Adam’s Guide to Dodging Bullets

It’s good to be back, my dear readers! Hope this fine, fine Wednesday finds you all well.

“If children had any idea at all how clueless most grownups are, they would NEVER listen to us. And they’d be justifiably terrified by what we might do next. (So let’s not tell them.)”

-Kimberly Morris, Author

Today, we’re going to talk about saving face. Some time ago, I wrote an interview for a client in which I supplied questions for author Kimberly Morris.

Kimberly Morris, author

You can learn more about her and her work at

And I almost made a rather embarrassing mistake. Of course, you want the details, yes?

Ms. Morris is the author of more than 60 books (with a few more along the way) and is a very successful publishing executive and writing coach. What additionally caught my eye, though, was her work on one of my favourite book series when I was but a teenage Adam: Animorphs.

what is with Jake's hair, anyway?

Oh, man, that 90’s hairdo.

Yes, I read every book in the main series by K.A. Applegate. As it happens, though, Applegate has a number of ghostwriters who wrote the stories for her; Morris has four of these books to her name.

Now, here’s what I almost did.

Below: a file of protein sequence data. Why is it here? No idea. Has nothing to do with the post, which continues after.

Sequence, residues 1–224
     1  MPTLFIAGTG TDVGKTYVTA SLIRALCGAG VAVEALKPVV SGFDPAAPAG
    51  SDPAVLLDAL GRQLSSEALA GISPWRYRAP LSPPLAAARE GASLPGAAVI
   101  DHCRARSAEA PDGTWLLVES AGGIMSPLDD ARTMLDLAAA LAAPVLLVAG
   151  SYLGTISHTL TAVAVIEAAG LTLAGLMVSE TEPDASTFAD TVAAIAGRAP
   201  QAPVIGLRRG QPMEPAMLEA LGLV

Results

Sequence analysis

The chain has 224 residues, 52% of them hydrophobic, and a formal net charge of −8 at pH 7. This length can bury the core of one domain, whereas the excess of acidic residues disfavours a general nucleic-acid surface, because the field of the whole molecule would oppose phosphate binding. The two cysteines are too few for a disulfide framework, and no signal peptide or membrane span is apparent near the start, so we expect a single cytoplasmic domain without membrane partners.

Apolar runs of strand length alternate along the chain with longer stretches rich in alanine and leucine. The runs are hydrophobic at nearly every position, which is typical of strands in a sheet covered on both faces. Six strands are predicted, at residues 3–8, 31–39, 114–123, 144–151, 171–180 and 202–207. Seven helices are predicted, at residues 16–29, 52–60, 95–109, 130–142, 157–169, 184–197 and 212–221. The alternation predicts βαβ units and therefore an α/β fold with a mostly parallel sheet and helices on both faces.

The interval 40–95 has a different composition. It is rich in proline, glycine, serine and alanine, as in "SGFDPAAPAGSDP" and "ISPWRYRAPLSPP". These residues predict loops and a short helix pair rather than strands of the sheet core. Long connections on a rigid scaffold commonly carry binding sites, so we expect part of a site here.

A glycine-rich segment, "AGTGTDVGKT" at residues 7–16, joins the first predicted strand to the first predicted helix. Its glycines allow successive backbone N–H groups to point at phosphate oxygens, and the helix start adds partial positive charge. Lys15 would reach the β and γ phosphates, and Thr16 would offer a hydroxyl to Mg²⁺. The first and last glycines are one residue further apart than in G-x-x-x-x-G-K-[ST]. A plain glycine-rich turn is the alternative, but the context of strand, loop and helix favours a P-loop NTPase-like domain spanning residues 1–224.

Uh oh

Artist’s rendition of the situation.

When you’re a ghostwriter (as I’ve been in the past), you write under someone else’s name. In this case, I let me fanboy-ism for the series cloud my judgement to such a degree that I just put 2 and 2 together and assumed K.A. Applegate = Kimberly Morris.

Well, I was only really half-right. On a hunch, I did some last-minute research to assure all of my questions were worded properly and found – wait a minute! Hold up there, cowboy!

Oh, that's her

Oh, hi, K.A. Applegate.

Yeah, they’re two separate people. Like I said, Morris was a ghostwriter for the series, not in charge of the main series itself. While Animorphs wasn’t the main subject of my interview, I found in the first draft that I mentioned the series and implied that K.A. Applegate and she were one in the same, which clearly is not the case. It’s not the biggest mistake in the world if it would have come to pass, but it still would have been embarrassing for both me and my client.

Presto. Dodged a bullet.

The moral of the story is make time for last-minute research. While you may not use all of the information you collect during your writing process, the more accurate information with which you can arm yourself, the better off you’ll be when it comes time to send it to its final destination.

We’re all human, and we’re all going to make mistakes. One of the luxuries of written work is being able to double-check it and catch mistakes before the paper goes to the next step.

Remember – your project, no matter how big or how small, reflects on you and potentially a client as well. Make it the very best it can be and double-check all your facts.It’s more work when you’re already busy, yes, but that bit of extra effort keeps your reputation and credibility unscathed is well worth it.

Have a great week, everyone, and Happy Writing!

Ms. Morris, if you happen to stumble across this, it was an honor to interview you and to get to know you a little bit. Best wishes!

How have YOU learned from your mistakes on the job? Discuss in the comments below!

– Adam

(Picture Credits:


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